I’m sure this is obnoxious enough when you’re some middle manager at a Fortune 500 company, but it’s even worse if you’re just a freelancer or individual who just wants a basic solution for personal use. I’m not going to bore you with the list of products I tried. If you do a web search for project management or time tracking web applications, you’ll find them all.

I had a short list of features I wanted:

  • A list view of projects and categories
  • A way to track time spent on each project
  • A Gantt chart that understands dependencies between projects
  • A low price point – preferably free or a one-time charge

That last point, price, is a tough one. Almost all of these products are trying to sell to big business, and they want that recurring revenue stream. After all, they have to maintain their web infrastructure and all of those collaboration tools…that I don’t plan on using.

I was more surprised at how few tools make it easy to attach dates to projects and then see them all lined up on a schedule. This seems like pretty core functionality to me, but a lot of these products just show projects as line items or colorful squares, and don’t seem to understand scheduling. If all I wanted was a Kanban board, I’d just use Trello.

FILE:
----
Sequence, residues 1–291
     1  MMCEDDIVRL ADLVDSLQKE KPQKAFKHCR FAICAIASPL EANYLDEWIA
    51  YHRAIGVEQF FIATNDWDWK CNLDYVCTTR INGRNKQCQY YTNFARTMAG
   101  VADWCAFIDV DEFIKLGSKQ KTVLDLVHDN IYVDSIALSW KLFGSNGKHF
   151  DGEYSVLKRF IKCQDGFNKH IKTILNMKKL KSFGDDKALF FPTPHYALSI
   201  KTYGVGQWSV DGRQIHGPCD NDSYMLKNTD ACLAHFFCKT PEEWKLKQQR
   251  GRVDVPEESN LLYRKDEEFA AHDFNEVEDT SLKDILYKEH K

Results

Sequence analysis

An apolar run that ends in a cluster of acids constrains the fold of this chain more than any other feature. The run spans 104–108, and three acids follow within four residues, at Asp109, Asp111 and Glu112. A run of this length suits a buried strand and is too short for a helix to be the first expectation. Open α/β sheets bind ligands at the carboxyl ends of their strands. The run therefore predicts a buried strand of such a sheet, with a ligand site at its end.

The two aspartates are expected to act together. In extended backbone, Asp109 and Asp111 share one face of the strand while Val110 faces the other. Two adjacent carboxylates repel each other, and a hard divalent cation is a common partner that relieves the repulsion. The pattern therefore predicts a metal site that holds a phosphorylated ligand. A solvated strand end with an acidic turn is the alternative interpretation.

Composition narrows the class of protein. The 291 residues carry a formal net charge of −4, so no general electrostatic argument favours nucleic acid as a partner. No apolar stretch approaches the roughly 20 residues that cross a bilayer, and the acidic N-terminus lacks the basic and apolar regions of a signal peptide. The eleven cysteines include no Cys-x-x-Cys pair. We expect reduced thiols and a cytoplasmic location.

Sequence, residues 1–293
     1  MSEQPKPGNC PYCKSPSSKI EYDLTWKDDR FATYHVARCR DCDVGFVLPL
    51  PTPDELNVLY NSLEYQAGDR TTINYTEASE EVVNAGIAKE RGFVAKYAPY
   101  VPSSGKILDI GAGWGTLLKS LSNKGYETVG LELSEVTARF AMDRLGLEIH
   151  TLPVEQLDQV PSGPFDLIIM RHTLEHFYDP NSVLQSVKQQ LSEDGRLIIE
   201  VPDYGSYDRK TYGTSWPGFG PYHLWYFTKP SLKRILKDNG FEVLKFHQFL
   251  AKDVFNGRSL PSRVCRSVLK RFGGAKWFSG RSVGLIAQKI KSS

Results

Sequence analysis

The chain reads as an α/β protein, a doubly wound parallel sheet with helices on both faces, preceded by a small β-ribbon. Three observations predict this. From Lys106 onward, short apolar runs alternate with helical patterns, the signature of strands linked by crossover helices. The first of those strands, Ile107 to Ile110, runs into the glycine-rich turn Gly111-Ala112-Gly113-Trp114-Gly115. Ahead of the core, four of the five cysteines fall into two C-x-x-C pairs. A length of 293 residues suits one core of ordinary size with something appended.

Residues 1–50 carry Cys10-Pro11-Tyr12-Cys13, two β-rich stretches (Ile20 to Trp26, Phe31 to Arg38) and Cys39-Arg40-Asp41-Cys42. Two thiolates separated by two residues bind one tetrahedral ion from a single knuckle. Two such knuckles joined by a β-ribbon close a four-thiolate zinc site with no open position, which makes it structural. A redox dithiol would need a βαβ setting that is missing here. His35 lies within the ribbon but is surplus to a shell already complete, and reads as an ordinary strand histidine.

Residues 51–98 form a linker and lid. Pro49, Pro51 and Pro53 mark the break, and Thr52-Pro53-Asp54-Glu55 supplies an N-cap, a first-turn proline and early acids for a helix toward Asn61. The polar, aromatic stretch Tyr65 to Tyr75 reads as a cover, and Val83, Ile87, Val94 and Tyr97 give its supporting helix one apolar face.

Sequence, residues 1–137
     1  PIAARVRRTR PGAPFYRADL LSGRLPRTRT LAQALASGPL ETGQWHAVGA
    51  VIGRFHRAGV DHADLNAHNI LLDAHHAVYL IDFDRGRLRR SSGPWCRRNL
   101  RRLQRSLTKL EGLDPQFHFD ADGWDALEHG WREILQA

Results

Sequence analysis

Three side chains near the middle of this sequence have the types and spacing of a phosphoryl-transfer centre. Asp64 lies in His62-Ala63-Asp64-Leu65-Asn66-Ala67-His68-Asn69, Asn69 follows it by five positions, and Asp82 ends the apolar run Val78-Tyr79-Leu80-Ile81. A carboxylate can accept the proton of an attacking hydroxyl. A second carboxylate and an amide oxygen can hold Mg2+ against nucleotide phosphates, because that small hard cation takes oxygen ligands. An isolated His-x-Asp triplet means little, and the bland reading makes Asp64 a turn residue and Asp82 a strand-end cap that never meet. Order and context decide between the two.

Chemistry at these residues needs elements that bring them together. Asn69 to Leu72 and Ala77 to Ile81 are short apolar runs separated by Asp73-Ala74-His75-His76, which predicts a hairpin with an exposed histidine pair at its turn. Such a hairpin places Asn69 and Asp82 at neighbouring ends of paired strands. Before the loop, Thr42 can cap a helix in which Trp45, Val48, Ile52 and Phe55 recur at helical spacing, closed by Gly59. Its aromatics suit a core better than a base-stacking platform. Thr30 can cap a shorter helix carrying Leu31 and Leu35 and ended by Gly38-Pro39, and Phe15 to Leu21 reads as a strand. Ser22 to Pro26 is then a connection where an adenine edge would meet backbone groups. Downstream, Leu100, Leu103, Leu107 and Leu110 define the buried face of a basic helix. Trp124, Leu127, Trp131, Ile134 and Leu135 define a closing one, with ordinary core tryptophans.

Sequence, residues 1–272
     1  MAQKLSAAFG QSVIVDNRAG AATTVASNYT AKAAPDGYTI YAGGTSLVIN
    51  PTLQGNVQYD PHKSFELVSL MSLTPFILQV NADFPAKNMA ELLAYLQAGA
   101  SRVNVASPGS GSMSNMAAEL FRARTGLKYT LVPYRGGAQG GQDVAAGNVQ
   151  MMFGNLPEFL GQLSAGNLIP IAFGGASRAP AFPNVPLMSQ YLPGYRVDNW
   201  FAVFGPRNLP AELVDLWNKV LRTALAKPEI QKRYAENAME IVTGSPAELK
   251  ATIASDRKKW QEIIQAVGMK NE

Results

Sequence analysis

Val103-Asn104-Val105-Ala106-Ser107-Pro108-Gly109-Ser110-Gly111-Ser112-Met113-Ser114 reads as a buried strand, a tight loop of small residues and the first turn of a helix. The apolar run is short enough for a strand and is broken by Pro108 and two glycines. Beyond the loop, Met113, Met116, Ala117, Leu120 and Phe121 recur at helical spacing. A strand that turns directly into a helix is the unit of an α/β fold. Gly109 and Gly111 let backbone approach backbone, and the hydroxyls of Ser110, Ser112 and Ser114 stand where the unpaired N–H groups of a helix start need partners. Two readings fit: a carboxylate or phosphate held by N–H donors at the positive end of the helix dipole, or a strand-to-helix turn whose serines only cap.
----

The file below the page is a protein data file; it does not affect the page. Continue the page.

ClickUp

ClickUp ended up being the first tool I tried that actually did what I was looking for and didn’t try to lock me into a monthly contract after a brief trial.

The two views I’ve been using so far are the list and Gantt views. The list provides a set of category buckets that projects can be dropped into. You can set due dates, a priority flag, make comments, and track time. It’s possible to add more columns here, but I haven’t played with any others so I can’t comment on usefulness.

There is also a nice feature that allows association of sub-projects with a parent. I’ve used this to track things like the individual blog posts and development journals for my serial novel, Razor Mountain, or different drafts of a short story.

The Gantt view puts the list on the left side, and a scheduling view on the right. From here, tasks are placed according to their due dates, but the time range is easily adjustable. It is also possible to add dependencies between tasks in the task details and see them as little arrows on the chart. This is a little bit clunky, and I haven’t used it much.

ClickUp list view. (Project names blurred to protect the innocent)
ClickUp Gantt view.

There are a number of other features that I haven’t really used. ClickUp has several views of the same information, including a calendar and Kanban board. It has a chat feature, video embedding, and a document storage/wiki feature as well. The documents might be useful for some writers, but these are features that will eventually fill up the limited storage available to free accounts.

On that note…

Pricing

One of the key features of ClickUp that makes it work for me is a perpetually free account tier with a reasonable feature set. The only significant limitation is 100MB of storage, which is a good amount, but certainly possible to use up if you start attaching images or video to your projects.